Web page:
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Flying With Real Weather
FOR FS 2002, FS 2000, and FS 98


Those FS2002 and FS2000 flyers who have yet to discover the joys, trials, and tribulations of Real-World Weather (R-WWx, henceforth), and FS98 flyers who have not tried the third-party freeware add-on, Real Weather 5 (RWx5) are missing a big aspect of flight sim and especially the full VA experience. I'm a firm believer that virtually every flight should be a real weather flight. The endless variety and outright surprises that the "changing" (I'll explain that later) weather can hand you will add a lot of spice to what might otherwise be a rather bland flight from point A to point B. With practice, after all, you can control everything else about your flight. But you can’t control the weather -- when it’s real!


In FS2002, Microsoft incorporated a Real-World Weather capability in the sim for the first time and the capability has been carried forward into FS2002, with a few improvements. In cooperation with Jeppesen, the aeronautical chart people, MS has designed this utility so that users can download weather data reported from all over the world and plug it in to the FS2K / 2K2 weather generator, semi-automatically. In fact, it's incredibly easy to use and nearly fool proof. You must have an on-line connection to download the data, but you need not remain on-line during your flight. What a lot of sim flyers don't realize, though, is that this idea, like a lot of the best features in FS, began life as a third-party freeware concept.

There are a number of different weather programs around, some of which are just expansions of FS's random weather generator. But one that does more and probably inspired the guys at MS is Real Weather for FS95 and 98 by Jeff Wheeler. I used it extensively and recommended to all our pilots at my old VA. Of course that was before the advent of FS2000. The FS2K / 2k2 R-WWx is much easier and faster to use, but the RWx5 for FS98, while rather ponderous and time-consuming to set up, actually has some nice additional capabilities.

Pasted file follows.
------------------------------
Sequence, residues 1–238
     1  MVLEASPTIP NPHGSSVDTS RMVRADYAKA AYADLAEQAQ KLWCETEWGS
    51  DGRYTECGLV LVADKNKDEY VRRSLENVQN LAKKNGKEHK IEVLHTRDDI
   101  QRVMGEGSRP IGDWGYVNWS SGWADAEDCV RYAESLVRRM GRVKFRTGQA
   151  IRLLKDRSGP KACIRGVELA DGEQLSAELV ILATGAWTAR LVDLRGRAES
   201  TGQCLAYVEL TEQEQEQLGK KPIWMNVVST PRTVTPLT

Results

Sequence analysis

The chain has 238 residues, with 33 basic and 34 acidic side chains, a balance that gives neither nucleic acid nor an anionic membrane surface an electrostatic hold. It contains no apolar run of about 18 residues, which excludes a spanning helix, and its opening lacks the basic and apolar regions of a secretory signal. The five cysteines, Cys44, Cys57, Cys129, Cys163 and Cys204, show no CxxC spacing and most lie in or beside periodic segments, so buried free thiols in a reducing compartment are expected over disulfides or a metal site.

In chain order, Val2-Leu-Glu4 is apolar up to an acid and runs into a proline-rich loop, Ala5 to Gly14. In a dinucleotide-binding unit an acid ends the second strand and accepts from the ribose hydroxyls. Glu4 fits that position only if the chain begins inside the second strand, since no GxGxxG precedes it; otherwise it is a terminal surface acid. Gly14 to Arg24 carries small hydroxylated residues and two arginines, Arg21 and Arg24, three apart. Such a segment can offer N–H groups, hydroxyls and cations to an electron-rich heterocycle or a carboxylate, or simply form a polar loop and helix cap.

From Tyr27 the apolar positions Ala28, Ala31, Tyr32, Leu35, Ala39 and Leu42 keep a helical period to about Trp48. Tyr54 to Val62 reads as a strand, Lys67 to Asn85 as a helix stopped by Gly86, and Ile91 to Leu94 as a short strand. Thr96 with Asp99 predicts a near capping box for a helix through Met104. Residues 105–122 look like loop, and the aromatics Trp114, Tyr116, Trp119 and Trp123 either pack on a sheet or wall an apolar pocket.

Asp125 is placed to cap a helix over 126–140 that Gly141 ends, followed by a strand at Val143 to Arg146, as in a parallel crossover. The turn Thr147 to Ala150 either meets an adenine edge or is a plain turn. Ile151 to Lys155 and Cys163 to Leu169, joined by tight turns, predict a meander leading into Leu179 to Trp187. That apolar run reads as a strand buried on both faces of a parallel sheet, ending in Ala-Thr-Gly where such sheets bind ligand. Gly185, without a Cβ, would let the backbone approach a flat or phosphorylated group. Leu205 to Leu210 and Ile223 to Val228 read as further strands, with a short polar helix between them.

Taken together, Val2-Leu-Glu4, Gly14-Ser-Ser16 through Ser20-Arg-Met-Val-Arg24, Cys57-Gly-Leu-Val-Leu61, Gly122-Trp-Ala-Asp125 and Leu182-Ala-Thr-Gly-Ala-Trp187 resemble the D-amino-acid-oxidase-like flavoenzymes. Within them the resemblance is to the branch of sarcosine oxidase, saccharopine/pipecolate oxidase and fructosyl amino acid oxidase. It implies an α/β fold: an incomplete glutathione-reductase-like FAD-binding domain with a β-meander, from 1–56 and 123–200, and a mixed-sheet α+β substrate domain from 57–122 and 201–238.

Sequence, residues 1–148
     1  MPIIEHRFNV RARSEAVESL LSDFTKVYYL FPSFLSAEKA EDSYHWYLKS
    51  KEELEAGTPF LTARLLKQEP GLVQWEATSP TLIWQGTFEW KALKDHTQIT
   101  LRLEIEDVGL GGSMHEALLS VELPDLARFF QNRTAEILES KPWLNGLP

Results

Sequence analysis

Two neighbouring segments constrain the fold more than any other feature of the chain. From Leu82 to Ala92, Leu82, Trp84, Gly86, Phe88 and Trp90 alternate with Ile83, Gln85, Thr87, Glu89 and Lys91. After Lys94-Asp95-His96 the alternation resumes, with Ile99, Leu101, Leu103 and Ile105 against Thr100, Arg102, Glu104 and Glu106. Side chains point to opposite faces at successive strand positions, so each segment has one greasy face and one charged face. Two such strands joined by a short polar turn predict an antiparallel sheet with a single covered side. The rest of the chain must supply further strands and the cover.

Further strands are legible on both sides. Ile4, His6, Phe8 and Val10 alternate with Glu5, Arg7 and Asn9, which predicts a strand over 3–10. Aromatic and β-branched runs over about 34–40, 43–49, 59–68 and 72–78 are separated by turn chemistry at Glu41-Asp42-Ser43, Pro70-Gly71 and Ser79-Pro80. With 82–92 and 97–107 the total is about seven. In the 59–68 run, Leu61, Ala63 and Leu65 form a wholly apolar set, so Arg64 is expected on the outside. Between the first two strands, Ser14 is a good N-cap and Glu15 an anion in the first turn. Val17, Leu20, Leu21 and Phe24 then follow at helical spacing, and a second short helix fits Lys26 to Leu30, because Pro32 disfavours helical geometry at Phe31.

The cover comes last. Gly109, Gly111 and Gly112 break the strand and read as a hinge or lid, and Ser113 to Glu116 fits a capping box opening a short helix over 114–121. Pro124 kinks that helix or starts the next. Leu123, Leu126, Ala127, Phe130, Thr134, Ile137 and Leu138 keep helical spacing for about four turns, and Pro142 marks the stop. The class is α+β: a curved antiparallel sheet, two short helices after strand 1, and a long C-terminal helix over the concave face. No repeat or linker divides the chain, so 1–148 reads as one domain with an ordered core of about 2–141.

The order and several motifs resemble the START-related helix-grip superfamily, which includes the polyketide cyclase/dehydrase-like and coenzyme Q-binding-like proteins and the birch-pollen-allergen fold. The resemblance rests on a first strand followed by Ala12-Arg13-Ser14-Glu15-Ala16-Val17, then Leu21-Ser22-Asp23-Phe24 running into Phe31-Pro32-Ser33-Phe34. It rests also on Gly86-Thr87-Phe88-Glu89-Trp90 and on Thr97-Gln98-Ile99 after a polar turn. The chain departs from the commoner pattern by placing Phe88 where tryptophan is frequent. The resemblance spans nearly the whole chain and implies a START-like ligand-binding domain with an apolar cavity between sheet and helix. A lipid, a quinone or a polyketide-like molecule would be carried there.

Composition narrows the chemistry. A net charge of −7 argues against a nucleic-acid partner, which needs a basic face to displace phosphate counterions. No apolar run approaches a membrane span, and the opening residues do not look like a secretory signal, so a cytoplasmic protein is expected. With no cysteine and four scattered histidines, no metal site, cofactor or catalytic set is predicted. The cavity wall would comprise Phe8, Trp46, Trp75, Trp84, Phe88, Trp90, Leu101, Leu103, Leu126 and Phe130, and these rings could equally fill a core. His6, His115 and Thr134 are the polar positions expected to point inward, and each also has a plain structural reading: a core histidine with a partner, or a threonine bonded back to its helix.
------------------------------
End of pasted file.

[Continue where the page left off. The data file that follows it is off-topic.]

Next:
1. Start your on-line connection (if your system is configured to automatically connect, you can skip this step).

2. Open the World / Weather pull down menu (key board Alt + w + w)

3. Ensure that the Global Weather box is checked (OK, so it's a circle and you put a dot in it -- you know what I mean).

NOTE: If you download weather data with the Local box checked, that's all you are going to get. Outside of the area where your plane is located at the time you make the download, you will not have realistic weather. This means that if you fly out of the local weather area you may encounter completely different weather conditions and no transition - you could be in a blizzard one minute and a hot sunny day the next.

3. Push the Real-world Weather in the Weather dialogue box. (Keyboard R)

4. (FS2002 Only) Check the "Download winds aloft with real-world weather" box, if desired. (Why not? It's supposed to be real, right?) Note: See the section below on Winds Aloft.

That's it. The sim will take it from there, opening a connection to the Jeppesen website, downloading the latest available weather, and then loading it into FS's weather generator. At the end of this short process the weather will be updated and you will most likely see a change outside the plane. The whole connection, download and update process will take you perhaps a minute or less on a 56K modem, and under 10 seconds on a broadband connection.